When dealing with China, Taiwan cannot afford to cut on defense and neglect intelligence at the same time, yet this is exactly what the administration is doing
Recent news of a plan by the National Security Bureau, the nation’s top civilian intelligence agency, to introduce an award system to address low morale in the intelligence ranks is as a clear a demonstration of the state of affairs under President Ma Ying-jeou (馬英九) as we could get.
Amid cutbacks in the defense budget — with the Ministry of National Defense announcing last week that it had no choice but to defer payment on key defense items lined up for purchase from the US — and diminished emphasis on military exercises preparing for potential Chinese aggression, it is not surprising that Ma’s critics have pointed to his apparent lack of commitment to ensuring that Taiwan has the means and skills to defend itself.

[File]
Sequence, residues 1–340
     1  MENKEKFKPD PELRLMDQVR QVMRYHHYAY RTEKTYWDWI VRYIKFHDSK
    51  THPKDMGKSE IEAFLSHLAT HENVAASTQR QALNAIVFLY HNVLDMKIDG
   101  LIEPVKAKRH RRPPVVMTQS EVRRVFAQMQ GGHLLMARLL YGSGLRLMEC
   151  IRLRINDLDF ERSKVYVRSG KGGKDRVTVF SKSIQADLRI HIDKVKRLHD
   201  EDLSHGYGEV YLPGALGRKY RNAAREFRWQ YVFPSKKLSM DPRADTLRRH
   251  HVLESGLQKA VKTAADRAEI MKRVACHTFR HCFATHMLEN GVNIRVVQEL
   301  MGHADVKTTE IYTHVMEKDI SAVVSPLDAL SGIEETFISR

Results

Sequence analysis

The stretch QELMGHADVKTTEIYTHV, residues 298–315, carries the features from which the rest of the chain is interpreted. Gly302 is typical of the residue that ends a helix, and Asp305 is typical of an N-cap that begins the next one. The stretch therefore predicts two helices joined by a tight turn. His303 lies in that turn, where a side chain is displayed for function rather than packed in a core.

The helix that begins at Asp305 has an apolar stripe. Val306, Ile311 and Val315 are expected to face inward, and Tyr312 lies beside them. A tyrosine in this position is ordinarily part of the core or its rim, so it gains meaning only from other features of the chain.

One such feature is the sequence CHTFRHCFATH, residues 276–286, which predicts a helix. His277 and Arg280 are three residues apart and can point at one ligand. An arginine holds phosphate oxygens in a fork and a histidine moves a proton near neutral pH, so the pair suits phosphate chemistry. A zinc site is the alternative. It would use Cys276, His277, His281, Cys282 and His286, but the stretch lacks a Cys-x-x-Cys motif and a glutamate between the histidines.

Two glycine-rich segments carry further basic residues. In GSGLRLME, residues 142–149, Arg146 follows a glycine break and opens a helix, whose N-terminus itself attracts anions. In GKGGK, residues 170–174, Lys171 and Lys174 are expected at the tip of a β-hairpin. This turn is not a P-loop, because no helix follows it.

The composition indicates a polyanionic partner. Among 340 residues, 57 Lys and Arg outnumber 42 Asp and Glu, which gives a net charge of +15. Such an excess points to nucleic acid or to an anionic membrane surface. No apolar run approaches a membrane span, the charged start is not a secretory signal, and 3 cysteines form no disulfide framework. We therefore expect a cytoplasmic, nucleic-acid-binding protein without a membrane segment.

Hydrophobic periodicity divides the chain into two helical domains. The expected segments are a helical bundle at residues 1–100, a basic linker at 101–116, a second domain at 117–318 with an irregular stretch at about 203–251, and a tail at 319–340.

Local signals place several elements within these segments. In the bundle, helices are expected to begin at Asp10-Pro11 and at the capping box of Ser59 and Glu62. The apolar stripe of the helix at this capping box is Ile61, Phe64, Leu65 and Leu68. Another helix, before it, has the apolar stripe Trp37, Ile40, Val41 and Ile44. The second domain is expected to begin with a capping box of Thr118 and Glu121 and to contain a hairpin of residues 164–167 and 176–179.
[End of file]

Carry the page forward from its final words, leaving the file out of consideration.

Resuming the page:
This headline-making focus on the military aspect of Taiwan’s defense, however, has concealed what in many regards is an equally worrying trend under Ma — the undermining of the security intelligence apparatus that assesses and analyzes information pertaining to threats against national security.
My unsigned editorial, published today in the Taipei Times, continues here.